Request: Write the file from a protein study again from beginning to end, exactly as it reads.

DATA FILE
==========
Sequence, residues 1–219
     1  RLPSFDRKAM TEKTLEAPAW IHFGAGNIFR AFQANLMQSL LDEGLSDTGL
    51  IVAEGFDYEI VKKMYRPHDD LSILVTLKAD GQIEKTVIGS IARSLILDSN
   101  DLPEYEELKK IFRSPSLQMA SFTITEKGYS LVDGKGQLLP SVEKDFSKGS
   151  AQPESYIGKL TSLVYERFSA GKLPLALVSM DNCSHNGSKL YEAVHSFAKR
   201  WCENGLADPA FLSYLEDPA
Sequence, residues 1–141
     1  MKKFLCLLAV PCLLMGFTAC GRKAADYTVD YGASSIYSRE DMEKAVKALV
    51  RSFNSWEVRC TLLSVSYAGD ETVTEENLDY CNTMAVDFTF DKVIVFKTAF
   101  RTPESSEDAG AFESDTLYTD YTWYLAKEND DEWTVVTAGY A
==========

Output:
Sequence, residues 1–219
     1  RLPSFDRKAM TEKTLEAPAW IHFGAGNIFR AFQANLMQSL LDEGLSDTGL
    51  IVAEGFDYEI VKKMYRPHDD LSILVTLKAD GQIEKTVIGS IARSLILDSN
   101  DLPEYEELKK IFRSPSLQMA SFTITEKGYS LVDGKGQLLP SVEKDFSKGS
   151  AQPESYIGKL TSLVYERFSA GKLPLALVSM DNCSHNGSKL YEAVHSFAKR
   201  WCENGLADPA FLSYLEDPA
Sequence, residues 1–141
     1  MKKFLCLLAV PCLLMGFTAC GRKAADYTVD YGASSIYSRE DMEKAVKALV
    51  RSFNSWEVRC TLLSVSYAGD ETVTEENLDY CNTMAVDFTF DKVIVFKTAF
   101  RTPESSEDAG AFESDTLYTD YTWYLAKEND DEWTVVTAGY A